Japan is back
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JAPAN IS BACK
Defying American ambivalence and Chinese outrage, Japan Prime Minister Shinzo Abe declared in Washington last week that Japan will remain a first-rate power in the world. Addressing a Washington audience after he met US President Barack Obama in the White House, Abe spoke in English, unusual for a Japanese premier, and asserted that "Japan is not, and will never be, a second-tier country."
After a series of weak PMs and persistent economic recession in the last few years, the widespread assumption in Washington and beyond has been that Japan is slowly but certainly fading out of the world's centrestage. In the last few weeks he has been in power, Abe has sought to shake Japan, East Asia and the world out of the certitudes on Japan's inevitable decline. Making bold moves to revive the economy, standing up to Chinese pressure over the disputed islands that Beijing calls Diaoyu and Japan Senkaku, proposing an increase in defence spending and calling for far-reaching changes in Japan's peace constitution, Abe has generated shock waves.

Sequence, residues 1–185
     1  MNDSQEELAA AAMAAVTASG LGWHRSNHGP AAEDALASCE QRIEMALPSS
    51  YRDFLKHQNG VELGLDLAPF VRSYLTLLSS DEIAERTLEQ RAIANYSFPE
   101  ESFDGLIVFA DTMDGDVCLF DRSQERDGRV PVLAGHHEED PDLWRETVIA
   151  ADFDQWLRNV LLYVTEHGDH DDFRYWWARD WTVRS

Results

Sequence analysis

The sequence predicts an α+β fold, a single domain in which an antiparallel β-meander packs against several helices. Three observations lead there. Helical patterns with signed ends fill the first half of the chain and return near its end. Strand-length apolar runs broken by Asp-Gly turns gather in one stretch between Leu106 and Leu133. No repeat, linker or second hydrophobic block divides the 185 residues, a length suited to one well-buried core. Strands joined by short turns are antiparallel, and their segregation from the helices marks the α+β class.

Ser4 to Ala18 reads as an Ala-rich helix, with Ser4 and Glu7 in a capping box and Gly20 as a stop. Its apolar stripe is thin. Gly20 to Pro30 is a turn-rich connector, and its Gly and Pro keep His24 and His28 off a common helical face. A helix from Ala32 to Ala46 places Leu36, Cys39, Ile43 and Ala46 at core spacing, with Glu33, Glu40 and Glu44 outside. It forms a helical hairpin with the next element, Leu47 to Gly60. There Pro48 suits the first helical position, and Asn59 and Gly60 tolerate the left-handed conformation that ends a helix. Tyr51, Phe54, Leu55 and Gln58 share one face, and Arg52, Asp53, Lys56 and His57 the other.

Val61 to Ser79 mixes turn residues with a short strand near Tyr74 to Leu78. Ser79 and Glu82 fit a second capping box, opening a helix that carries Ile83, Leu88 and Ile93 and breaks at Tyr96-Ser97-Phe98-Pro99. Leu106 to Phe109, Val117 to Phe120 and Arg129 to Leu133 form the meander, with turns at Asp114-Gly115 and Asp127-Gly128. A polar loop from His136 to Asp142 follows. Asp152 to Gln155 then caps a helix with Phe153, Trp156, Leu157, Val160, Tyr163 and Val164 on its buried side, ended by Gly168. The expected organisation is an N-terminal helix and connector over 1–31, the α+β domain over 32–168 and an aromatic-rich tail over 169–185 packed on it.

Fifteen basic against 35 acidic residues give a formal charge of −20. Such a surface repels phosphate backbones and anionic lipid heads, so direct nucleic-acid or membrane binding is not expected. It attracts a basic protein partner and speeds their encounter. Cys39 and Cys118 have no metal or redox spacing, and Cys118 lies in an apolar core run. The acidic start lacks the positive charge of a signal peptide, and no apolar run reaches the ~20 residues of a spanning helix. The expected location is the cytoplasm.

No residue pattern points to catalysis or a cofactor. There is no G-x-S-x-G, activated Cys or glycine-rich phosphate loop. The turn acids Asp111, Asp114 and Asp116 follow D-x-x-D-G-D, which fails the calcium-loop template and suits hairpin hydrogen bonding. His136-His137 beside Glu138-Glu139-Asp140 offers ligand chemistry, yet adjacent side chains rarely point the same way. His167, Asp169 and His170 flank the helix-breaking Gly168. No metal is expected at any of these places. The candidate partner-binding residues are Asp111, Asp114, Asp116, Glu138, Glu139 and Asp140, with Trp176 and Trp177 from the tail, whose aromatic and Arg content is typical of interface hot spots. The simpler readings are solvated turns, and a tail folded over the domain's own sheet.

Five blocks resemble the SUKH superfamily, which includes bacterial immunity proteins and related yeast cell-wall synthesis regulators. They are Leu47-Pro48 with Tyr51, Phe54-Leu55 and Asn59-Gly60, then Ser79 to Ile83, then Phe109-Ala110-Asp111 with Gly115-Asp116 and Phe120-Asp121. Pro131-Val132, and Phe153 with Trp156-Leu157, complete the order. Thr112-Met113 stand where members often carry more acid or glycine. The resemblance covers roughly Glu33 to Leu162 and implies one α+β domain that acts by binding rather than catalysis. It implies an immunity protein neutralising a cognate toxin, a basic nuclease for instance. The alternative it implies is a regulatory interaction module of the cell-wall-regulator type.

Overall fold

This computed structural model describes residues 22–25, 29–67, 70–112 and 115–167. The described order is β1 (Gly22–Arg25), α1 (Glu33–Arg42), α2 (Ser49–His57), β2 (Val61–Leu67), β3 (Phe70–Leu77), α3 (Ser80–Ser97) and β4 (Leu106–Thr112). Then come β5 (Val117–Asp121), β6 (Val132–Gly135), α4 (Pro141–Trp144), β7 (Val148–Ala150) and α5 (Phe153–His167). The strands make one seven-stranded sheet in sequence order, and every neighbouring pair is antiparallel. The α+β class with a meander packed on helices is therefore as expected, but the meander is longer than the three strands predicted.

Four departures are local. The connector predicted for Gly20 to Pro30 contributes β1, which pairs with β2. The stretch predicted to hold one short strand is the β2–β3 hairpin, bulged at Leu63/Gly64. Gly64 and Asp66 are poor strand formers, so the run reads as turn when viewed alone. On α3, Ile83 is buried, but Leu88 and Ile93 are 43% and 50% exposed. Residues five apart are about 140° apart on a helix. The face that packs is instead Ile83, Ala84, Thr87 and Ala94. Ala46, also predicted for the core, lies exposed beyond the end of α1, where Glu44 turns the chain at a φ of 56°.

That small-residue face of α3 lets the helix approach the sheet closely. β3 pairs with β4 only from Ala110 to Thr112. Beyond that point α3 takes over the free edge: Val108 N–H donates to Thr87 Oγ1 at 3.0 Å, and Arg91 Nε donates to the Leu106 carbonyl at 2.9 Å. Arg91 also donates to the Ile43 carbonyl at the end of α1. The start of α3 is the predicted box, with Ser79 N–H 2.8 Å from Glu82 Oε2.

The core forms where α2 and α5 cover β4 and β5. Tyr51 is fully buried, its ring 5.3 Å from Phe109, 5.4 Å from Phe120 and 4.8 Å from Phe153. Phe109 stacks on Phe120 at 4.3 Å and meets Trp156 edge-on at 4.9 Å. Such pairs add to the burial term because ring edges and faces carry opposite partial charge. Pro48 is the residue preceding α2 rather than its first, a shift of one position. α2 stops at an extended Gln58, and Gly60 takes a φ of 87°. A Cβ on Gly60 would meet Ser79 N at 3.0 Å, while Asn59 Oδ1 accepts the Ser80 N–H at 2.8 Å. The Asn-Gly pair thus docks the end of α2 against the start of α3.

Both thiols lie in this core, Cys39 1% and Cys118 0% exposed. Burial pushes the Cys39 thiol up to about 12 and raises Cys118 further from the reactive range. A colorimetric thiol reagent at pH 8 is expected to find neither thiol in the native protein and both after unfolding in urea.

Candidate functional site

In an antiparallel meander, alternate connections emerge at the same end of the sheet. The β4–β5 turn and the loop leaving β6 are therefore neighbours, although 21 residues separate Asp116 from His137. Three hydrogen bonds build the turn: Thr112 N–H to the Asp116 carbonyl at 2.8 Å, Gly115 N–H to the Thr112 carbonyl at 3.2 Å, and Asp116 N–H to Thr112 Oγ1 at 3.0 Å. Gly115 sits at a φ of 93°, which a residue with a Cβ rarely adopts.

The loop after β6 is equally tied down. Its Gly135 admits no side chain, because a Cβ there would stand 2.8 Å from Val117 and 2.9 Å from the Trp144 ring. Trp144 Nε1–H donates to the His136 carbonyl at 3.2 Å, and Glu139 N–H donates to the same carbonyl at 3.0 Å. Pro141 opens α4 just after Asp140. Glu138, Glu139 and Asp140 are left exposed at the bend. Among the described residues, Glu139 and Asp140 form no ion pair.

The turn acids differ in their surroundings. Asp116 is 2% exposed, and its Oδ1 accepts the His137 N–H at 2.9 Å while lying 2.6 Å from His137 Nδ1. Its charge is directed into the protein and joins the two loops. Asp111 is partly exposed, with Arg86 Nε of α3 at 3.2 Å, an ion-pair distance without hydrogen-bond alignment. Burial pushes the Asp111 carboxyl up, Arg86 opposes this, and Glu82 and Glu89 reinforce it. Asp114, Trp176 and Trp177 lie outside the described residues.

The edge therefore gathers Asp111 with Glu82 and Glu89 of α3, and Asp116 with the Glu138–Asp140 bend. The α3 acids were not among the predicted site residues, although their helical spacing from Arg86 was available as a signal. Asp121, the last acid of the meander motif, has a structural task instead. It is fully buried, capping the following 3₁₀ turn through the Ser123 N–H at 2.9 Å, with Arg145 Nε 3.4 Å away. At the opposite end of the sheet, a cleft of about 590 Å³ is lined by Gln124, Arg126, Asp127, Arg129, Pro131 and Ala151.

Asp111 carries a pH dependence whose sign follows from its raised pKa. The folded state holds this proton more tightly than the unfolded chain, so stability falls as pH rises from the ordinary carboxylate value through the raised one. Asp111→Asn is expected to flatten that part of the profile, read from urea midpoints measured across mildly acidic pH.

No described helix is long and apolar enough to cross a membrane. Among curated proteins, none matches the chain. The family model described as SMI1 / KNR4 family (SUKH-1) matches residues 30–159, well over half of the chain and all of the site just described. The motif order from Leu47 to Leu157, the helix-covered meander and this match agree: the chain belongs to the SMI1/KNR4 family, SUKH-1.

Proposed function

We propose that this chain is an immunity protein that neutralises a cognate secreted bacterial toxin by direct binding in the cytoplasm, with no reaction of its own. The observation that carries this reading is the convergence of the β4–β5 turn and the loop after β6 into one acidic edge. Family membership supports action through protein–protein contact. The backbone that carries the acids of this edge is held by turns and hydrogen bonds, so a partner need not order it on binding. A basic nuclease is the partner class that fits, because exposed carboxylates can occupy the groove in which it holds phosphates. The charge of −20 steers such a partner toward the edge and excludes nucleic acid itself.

"I make a pledge," Abe declared in Washington, "I will bring back a strong Japan, strong enough to do even more good for the betterment of the world." For a country that has never stopped offering apologies for its imperial conduct in World War II, the use of the phrase "Japan is back" has grated on Chinese nerves. Worse still, Abe made bold to accuse the Communist Party of China of mobilising patriotism and stoking up territorial quarrels with neighbours to shore up its sagging domestic political legitimacy.
This was red rag to the Chinese bull, and a spokesman of the foreign office in Beijing declared that Abe's personal purpose was to "distort facts, attack and defame China and stir up confrontation between the two countries". Unfazed by the Chinese criticism, Abe said in Washington that he is not for confrontation with Beijing and is willing to engage China for mutual benefit. On the territorial dispute, though, Abe gave no quarter to Beijing. "No nation should make any miscalculation about the firmness of our resolve" to defend Japan's claim to the Senkakus.
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